A new data has shown that the cost of living in Russia is surging following the international trade sanctions over the country’s invasion on Ukraine.
Official figures showed that the price of some household staples, such as sugar, have jumped by as much as 14% over the past week.
Inflation is set to keep rising in Russia where the Rouble has fallen sharply since the Russia-Ukraine war began. The value of the currency has dropped about 22% this year (2022), and this has pushed up the cost of importing goods.
The inflation data came as the Russian Stock Market resumed trading on Thursday, March 24, 2022, after a month-long break, with the majority of shares rising in a volatile trading session. The benchmark, Moex Index, is up by around 5.6% at midday in Moscow.
Analysts intimated that the government’s plan to buy billions of Dollars’ worth of Russian shares is supporting the market, which dived last month (February) after Russia’s invasion on its neighbour. In addition, bans on trade with foreigners and on short-selling remain in place.
Rising cost of living
On Wednesday, March 23, 2022, Russia’s Economic Ministry disclosed that the annual inflation jumped 14.5%, which made it become the highest rate since late 2015.
According to the Federal State Statistics Service (FSS), the cost of sugar rose by as much as 37.1% in certain regions of the country and increased by an average of 14%. Sugar, which is commonly used to preserve food or make liquor, is the biggest gainer in the week, the government agency, FSS revealed.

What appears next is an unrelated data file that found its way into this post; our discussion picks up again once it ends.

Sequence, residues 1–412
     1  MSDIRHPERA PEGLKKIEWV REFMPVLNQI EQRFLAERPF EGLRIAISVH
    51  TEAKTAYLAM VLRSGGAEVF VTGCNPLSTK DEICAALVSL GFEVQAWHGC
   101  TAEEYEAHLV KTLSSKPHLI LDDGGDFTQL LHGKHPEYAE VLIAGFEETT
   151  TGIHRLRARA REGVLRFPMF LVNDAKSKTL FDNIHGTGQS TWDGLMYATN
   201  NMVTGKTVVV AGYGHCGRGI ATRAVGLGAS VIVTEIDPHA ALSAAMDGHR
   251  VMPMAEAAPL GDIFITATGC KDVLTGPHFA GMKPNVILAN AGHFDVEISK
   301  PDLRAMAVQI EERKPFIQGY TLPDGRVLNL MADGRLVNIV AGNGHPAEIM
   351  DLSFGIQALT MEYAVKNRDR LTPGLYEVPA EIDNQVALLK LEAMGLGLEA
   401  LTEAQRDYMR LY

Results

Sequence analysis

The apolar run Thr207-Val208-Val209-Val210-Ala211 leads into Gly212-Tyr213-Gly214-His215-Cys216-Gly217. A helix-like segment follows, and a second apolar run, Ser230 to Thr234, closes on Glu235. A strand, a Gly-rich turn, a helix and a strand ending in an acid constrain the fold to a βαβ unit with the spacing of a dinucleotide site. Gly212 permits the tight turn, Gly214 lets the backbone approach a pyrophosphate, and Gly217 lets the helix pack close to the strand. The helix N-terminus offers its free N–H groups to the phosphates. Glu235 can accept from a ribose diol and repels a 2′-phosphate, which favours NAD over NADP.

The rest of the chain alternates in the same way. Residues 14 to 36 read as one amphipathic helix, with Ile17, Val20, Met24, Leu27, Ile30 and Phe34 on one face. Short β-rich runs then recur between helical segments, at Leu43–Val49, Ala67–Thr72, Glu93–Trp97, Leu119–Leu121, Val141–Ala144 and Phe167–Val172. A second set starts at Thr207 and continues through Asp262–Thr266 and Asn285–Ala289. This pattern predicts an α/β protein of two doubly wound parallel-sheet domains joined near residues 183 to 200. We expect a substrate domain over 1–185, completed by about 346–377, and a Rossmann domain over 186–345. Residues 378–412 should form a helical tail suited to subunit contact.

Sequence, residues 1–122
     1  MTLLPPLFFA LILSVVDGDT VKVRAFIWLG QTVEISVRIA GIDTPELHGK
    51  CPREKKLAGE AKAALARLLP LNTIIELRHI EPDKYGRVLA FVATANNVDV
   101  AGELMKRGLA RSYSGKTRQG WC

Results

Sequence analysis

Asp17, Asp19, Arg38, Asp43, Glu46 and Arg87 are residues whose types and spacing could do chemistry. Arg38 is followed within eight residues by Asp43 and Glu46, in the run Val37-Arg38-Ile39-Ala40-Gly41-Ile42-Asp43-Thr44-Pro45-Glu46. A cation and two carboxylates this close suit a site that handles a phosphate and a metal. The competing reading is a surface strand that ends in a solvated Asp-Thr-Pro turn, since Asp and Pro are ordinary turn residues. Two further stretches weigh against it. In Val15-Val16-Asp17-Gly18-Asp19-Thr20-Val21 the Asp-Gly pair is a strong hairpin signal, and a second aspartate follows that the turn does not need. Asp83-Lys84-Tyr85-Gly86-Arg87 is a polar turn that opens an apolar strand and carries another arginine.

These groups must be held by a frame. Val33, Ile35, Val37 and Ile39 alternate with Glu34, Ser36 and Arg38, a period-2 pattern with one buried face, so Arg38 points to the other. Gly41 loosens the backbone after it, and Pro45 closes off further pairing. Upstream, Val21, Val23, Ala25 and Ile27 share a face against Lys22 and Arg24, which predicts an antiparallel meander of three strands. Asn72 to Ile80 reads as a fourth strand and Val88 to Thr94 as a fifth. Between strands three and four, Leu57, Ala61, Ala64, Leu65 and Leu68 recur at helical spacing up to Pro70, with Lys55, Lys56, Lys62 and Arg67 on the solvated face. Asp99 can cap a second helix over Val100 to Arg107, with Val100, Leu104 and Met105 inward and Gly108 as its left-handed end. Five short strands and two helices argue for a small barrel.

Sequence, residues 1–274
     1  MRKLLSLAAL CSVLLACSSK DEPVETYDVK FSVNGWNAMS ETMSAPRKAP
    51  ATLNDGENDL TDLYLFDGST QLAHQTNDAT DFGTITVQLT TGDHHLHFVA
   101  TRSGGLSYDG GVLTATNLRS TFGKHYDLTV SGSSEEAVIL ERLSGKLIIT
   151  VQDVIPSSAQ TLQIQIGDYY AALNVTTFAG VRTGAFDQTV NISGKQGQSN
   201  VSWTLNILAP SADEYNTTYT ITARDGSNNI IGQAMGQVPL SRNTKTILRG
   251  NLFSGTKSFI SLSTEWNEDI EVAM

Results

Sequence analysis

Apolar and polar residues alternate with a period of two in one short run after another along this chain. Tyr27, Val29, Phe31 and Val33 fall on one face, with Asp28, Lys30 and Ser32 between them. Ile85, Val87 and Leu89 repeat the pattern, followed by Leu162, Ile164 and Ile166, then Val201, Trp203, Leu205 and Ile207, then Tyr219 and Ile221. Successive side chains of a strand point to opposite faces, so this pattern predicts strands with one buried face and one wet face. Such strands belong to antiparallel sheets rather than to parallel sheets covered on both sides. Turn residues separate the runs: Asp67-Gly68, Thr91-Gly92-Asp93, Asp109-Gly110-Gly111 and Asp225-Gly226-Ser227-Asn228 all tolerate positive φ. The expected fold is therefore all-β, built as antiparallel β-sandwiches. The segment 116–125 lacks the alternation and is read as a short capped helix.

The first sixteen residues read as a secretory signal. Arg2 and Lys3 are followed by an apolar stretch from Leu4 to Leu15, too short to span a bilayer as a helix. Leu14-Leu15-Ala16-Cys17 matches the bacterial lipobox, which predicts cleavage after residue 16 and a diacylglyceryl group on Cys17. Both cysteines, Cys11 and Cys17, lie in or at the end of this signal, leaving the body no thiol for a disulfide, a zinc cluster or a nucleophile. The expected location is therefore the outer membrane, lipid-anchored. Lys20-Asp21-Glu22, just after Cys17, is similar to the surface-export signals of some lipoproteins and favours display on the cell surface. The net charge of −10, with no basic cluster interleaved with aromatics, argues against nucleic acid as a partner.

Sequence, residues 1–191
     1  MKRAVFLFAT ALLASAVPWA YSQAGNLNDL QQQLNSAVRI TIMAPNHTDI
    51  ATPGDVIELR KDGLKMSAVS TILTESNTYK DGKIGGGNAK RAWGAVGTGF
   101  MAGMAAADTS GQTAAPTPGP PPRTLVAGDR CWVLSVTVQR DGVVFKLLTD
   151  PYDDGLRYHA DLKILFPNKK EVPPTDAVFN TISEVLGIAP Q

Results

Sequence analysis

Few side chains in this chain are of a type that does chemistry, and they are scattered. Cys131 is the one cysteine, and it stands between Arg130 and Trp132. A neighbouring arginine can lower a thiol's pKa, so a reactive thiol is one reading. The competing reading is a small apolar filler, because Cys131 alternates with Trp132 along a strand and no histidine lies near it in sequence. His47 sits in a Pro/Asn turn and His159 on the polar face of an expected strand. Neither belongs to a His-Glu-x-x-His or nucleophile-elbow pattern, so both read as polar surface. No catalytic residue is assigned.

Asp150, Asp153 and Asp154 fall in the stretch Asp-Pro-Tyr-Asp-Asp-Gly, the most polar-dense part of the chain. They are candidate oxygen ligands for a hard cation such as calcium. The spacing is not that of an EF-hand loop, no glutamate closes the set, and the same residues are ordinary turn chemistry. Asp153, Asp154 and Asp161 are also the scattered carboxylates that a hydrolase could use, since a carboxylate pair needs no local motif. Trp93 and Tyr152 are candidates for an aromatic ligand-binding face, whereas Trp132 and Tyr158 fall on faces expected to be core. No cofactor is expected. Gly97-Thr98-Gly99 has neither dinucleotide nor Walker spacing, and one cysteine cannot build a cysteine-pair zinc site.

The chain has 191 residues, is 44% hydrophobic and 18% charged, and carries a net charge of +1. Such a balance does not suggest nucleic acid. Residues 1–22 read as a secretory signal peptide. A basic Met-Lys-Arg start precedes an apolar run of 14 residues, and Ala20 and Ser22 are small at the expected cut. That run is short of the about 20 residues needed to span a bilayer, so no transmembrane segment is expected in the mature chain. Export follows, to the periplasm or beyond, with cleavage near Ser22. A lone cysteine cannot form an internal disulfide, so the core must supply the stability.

The price of onions is the second biggest riser over the week, up with 13.7% nationwide and 40.4% in some areas. Meanwhile, nappies were 4.4% more expensive. Prices for black tea rose 4% and toilet paper increased by 3%.
Stephen Innes, the Managing Partner at SPI Asset Management, averred prices are higher because of the weaker Rouble.
“The biggest culprit is imported inflation. Anything Russia imports is exponentially (pricier) due to the weaker Rouble.”Stephen Innes, the Managing Partner at SPI Asset Management
A bite of the Sanctions
The UK, the US and the European Union have cut off a number of Russian Banks from financial markets in the West. They have also prohibited dealings with Russia’s Central Bank, State-owned Investment Funds and the Finance Ministry.
The Bank of Russia more than doubled its interest rate to 20%, in an attempt to stop its currency from sliding further. A large number of Western businesses also pulled out of Russia because of its war with Ukraine. Others, such as the Swiss food giant, Nestle, have withdrawn major brands such as KitKat and Nesquik.
Videos on social media showed shoppers scrambling to buy sugar and buckwheat at supermarkets in Moscow. Deputy Prime Minister, Viktoria Abramchenko, however, told Russians that the country is “fully self-sufficient when it comes to sugar and buckwheat”.
“There is no need to panic buy these goods. There is enough for everybody.”Deputy Prime Minister, Viktoria Abramchenko
Russia has hit back at international sanctions and has threatened to seize the assets of businesses that have stopped operating in the country. It sanctioned US President, Joe Biden, and 12 other US officials last week.
On Wednesday, March 23, 2022, Russian President, Vladimir Putin, announced that the country would start selling natural gas to “unfriendly” countries in Roubles. Analysts say the planned decision is a move aimed at supporting the currency.
The EU on the other hand relies on Russia for 40% of its gas. However, prior to the breathing sanctions, many existing contracts were agreed upon in Euros and it is unclear if Russia can change them.